Subject (authority = RUETD)
Topic
Oceanography
RelatedItem (type = host)
TitleInfo
Title
Rutgers University Electronic Theses and Dissertations
Identifier (type = RULIB)
ETD
Identifier
ETD_4300
PhysicalDescription
Form (authority = gmd)
electronic resource
InternetMediaType
application/pdf
InternetMediaType
text/xml
Extent
x, 63 p. : ill.
Note (type = degree)
M.S.
Note (type = bibliography)
Includes bibliographical references
Note (type = statement of responsibility)
by Katherine Lee Esswein
Subject (authority = ETD-LCSH)
Topic
Climatic changes--Indonesia
Subject (authority = ETD-LCSH)
Topic
Climatic changes--Pacific Ocean
Subject (authority = ETD-LCSH)
Topic
Oceanography--Research
Identifier (type = hdl)
http://hdl.rutgers.edu/1782.1/rucore10001600001.ETD.000066736
RelatedItem (type = host)
TitleInfo
Title
Graduate School - New Brunswick Electronic Theses and Dissertations
Identifier (type = local)
rucore19991600001
Location
PhysicalLocation (authority = marcorg); (displayLabel = Rutgers, The State University of New Jersey)
NjNbRU
Identifier (type = doi)
doi:10.7282/T30R9N6N
Genre (authority = ExL-Esploro)
ETD graduate
Back to the top

Rights

RightsDeclaration (ID = rulibRdec0006)
The author owns the copyright to this work.
RightsHolder (type = personal)
Name
FamilyName
Esswein
GivenName
Katherine
Role
Copyright Holder
RightsEvent
Type
Permission or license
DateTime (encoding = w3cdtf); (qualifier = exact); (point = start)
2012-09-26 23:01:49
AssociatedEntity
Name
Katherine Esswein
Role
Copyright holder
Affiliation
Rutgers University. Graduate School - New Brunswick
AssociatedObject
Type
License
Name
Author Agreement License
Detail
I hereby grant to the Rutgers University Libraries and to my school the non-exclusive right to archive, reproduce and distribute my thesis or dissertation, in whole or in part, and/or my abstract, in whole or in part, in and from an electronic format, subject to the release date subsequently stipulated in this submittal form and approved by my school. I represent and stipulate that the thesis or dissertation and its abstract are my original work, that they do not infringe or violate any rights of others, and that I make these grants as the sole owner of the rights to my thesis or dissertation and its abstract. I represent that I have obtained written permissions, when necessary, from the owner(s) of each third party copyrighted matter to be included in my thesis or dissertation and will supply copies of such upon request by my school. I acknowledge that RU ETD and my school will not distribute my thesis or dissertation or its abstract if, in their reasonable judgment, they believe all such rights have not been secured. I acknowledge that I retain ownership rights to the copyright of my work. I also retain the right to use all or part of this thesis or dissertation in future works, such as articles or books.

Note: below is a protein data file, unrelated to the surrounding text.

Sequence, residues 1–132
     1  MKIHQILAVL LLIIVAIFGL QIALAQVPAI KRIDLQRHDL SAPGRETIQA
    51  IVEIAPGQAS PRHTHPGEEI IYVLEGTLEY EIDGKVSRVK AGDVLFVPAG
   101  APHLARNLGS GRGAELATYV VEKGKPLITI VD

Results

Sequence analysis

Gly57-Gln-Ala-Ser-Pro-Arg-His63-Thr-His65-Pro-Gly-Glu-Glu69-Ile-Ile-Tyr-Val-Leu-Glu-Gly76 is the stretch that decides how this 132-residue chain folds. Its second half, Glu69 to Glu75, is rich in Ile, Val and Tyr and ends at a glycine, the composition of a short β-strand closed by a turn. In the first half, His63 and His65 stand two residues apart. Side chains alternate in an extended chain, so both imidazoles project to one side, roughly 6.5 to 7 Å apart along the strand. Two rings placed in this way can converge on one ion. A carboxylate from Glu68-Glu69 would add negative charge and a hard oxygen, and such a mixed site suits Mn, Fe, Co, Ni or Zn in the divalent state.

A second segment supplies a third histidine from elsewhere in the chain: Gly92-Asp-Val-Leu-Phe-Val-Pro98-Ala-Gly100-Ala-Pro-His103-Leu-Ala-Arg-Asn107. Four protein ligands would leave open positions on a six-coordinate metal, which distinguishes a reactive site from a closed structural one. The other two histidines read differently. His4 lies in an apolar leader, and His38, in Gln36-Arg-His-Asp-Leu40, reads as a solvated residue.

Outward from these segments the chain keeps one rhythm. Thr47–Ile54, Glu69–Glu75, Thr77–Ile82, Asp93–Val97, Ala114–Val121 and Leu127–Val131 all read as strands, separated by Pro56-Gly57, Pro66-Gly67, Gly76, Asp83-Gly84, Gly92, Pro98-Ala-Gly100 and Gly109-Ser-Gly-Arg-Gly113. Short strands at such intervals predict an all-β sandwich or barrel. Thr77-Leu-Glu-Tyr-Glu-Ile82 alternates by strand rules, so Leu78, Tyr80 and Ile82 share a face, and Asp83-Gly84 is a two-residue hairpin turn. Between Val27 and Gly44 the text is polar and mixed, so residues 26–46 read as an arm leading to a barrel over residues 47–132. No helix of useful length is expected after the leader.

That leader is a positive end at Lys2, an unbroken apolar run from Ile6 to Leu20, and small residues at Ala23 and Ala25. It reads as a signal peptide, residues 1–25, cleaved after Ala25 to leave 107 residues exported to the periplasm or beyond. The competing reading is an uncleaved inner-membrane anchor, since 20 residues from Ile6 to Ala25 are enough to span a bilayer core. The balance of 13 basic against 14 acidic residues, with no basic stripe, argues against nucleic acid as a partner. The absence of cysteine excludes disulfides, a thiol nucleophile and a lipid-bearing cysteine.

Copyright
Status
Copyright protected
Availability
Status
Open
Reason
Permission or license
Back to the top

Technical

FileSize (UNIT = bytes)
5523456
OperatingSystem (VERSION = 5.1)
windows xp
ContentModel
ETD
MimeType (TYPE = file)
application/pdf
MimeType (TYPE = container)
application/x-tar
FileSize (UNIT = bytes)
5529600
Checksum (METHOD = SHA1)
7e0f0b3f076eb09c4a8dfc3794ff606a0067c3ed
Back to the top
Version 8.4.8
Rutgers University Libraries - Copyright ©2022